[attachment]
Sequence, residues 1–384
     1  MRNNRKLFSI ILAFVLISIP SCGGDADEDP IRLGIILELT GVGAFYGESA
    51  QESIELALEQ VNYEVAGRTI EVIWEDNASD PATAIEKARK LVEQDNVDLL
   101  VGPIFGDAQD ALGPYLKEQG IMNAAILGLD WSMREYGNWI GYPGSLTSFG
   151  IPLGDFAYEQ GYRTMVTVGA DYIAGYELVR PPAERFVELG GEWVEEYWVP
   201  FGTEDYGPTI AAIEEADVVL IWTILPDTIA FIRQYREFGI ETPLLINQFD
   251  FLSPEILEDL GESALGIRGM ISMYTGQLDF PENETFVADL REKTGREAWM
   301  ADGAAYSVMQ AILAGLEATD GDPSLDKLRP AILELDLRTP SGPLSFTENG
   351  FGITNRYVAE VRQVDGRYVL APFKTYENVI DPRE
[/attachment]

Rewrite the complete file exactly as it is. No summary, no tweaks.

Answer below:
Sequence, residues 1–384
     1  MRNNRKLFSI ILAFVLISIP SCGGDADEDP IRLGIILELT GVGAFYGESA
    51  QESIELALEQ VNYEVAGRTI EVIWEDNASD PATAIEKARK LVEQDNVDLL
   101  VGPIFGDAQD ALGPYLKEQG IMNAAILGLD WSMREYGNWI GYPGSLTSFG
   151  IPLGDFAYEQ GYRTMVTVGA DYIAGYELVR PPAERFVELG GEWVEEYWVP
   201  FGTEDYGPTI AAIEEADVVL IWTILPDTIA FIRQYREFGI ETPLLINQFD
   251  FLSPEILEDL GESALGIRGM ISMYTGQLDF PENETFVADL REKTGREAWM
   301  ADGAAYSVMQ AILAGLEATD GDPSLDKLRP AILELDLRTP SGPLSFTENG
   351  FGITNRYVAE VRQVDGRYVL APFKTYENVI DPRE